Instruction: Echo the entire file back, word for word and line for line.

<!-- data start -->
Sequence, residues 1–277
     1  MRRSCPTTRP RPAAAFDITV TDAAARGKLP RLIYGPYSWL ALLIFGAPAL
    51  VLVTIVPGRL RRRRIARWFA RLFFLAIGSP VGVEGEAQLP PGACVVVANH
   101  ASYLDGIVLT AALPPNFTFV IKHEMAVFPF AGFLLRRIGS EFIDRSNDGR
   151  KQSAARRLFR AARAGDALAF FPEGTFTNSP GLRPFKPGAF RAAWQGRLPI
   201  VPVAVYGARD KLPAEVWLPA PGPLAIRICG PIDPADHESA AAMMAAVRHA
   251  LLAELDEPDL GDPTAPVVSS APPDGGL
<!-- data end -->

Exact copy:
Sequence, residues 1–277
     1  MRRSCPTTRP RPAAAFDITV TDAAARGKLP RLIYGPYSWL ALLIFGAPAL
    51  VLVTIVPGRL RRRRIARWFA RLFFLAIGSP VGVEGEAQLP PGACVVVANH
   101  ASYLDGIVLT AALPPNFTFV IKHEMAVFPF AGFLLRRIGS EFIDRSNDGR
   151  KQSAARRLFR AARAGDALAF FPEGTFTNSP GLRPFKPGAF RAAWQGRLPI
   201  VPVAVYGARD KLPAEVWLPA PGPLAIRICG PIDPADHESA AAMMAAVRHA
   251  LLAELDEPDL GDPTAPVVSS APPDGGL